I saw a poster in the entry way of one our eclectic restaurants in our small town. It was advertising a lecture on the subject “are we really here?” I smiled to myself at the time, but now as evidenced by my writing you can tell I have thought about that subject. I know in the past year I have certainly asked myself that question.
I had one life prior to July 2nd 2011 and now I have another. The people I love and am the closest to in my family changed and continue to change. I know that I do too. I wish I could say that it is all for the best, but that jury is still out. My husband, daughter and I continue to adjust and readjust. My daughter and I are closer in many ways than we have ever been before. Would it be this way were her brother still with us? I have no way of knowing.
My husband and I process some things differently, but thankfully we do communicate. He is a tender hearted man with a non-fixed flash point. When he is finally at his limit he flares. Much about our son’s death has triggered anger in him. Talking to other men who have lost a child, I have found this is common. For men the need to be the protector, to prevent and stave off danger is a big instinct. Not being able to protect their child is devastating.
The subject of “are we really here” can be taken a number of ways. There were not a lot of clues as to the slant of this lecture. I wondered if the speaker was going to talk on the idea that we all exist in some sort of “Matrix” like world. If you have seen the movie then you know what I am talking about. We are all asleep in little bubbles with a simulated world being fed to our neural ganglia.
I would take it a different direction. After the death of your child is anyone really able to really be here? It is easy to get lost in a fog of memories, regrets, anger, disappointment. It is easy and perhaps justified to feel sorry for ourselves, to feel sorry for our child that is gone, to feel sorry for our children that remain if there are any who remain. Certainly and justifiably we re-prioritize concerning the activities we want to take part in and the people we want to spend time with. It is unfortunate that such a tragedy is the thing that precipitates this re-evaluation.
The shocking revelation when we come to it is that there was never any real normal. It was just the way things were for that time. I know this because outside of my small world I have watched others still occupied by their “normal” – change. The push and pull of the world as time continues to pass alters many things and with the push and pull comes change, adaptation.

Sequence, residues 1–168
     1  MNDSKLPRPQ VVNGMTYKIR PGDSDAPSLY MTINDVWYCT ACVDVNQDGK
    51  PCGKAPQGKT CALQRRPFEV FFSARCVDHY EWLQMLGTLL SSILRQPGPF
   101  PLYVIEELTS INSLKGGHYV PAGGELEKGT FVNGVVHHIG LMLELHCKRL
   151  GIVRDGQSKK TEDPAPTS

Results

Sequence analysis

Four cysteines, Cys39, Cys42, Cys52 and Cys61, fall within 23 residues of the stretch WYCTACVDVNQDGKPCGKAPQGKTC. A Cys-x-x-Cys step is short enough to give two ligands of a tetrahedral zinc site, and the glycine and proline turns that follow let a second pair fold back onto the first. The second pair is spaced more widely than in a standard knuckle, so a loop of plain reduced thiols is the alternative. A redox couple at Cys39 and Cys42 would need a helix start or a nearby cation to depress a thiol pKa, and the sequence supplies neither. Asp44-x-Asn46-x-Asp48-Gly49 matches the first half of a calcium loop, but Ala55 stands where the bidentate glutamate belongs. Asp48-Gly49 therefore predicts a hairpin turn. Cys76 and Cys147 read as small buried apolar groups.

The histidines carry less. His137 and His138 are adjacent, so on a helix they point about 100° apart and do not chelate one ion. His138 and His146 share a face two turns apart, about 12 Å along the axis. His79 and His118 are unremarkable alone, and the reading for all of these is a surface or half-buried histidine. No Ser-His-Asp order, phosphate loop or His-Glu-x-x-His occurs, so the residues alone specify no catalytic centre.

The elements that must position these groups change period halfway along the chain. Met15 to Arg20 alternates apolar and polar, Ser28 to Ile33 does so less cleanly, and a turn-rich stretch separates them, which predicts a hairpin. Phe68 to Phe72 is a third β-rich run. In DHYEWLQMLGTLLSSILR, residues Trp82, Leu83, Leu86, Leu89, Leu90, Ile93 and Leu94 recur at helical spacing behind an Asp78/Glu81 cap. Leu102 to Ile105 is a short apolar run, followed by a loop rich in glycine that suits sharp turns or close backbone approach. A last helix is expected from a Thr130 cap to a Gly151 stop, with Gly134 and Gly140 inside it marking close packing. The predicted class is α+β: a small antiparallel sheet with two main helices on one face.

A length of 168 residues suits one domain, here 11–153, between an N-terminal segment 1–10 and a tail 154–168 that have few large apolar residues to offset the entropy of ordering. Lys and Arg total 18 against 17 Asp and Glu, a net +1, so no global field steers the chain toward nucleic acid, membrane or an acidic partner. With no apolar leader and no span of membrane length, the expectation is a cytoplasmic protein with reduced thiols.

Hopefully not just change, but real growth. The hope is that we can become better in some way. In some things we simply cope for a while. In other ways we adapt. We have been doing this in one way or another all our life and mostly by choice. This adaptation is not of our choosing. Now we have to choose to “really be here” or not.
One of the thoughts that has helped me is to imagine my son telling me what he wants for me. Picturing him – not as he was when he passed, but healthy and secure and happy telling me what he wants for me. He was in part what he was because of me and I am in part, what I am, because of him. Truth is we did not always agree. He had a way of pushing that sometimes made me uncomfortable but I appreciate the fact that he had high expectations for me.
Can we choose to “really be here” because of them and despite our loosing them?
My son was an encouragement to me. He expected me to try new things, to step out of my comfort zone. He expected me to read and learn, to evaluate and connect. He cheered me on in my art and my writing. He wanted me to do the things I could do and to do them well. I wanted that for him too. He never disappointed me.
I am trying to be present and it is an act of conscious will. Responsible and accountable in this day because I may not have another. I cannot live a surrogate life for him. I don’t know what he might be doing right now were he still here. I know he would still be expressing his love for me, for his dad, for his sister. I know he would be encouraging his friends and looking forward to new adventures.
My perspective on life has changed. It probably would have changed regardless. Perhaps the changes would have been more subtle but there again I have no way of knowing. It is changing still whether I am participating or not. I want to be more aware of the changes, I want to roll with the punches. I want to help others move forward at what ever pace they can manage.
Lament and tears are a daily part of the routine for now. Perhaps that will change one day too. If it does I might let you know. Until then, while I am here-missing my son-but partly because of him and despite his death, I will try and really be here. I can, at least, continue to try.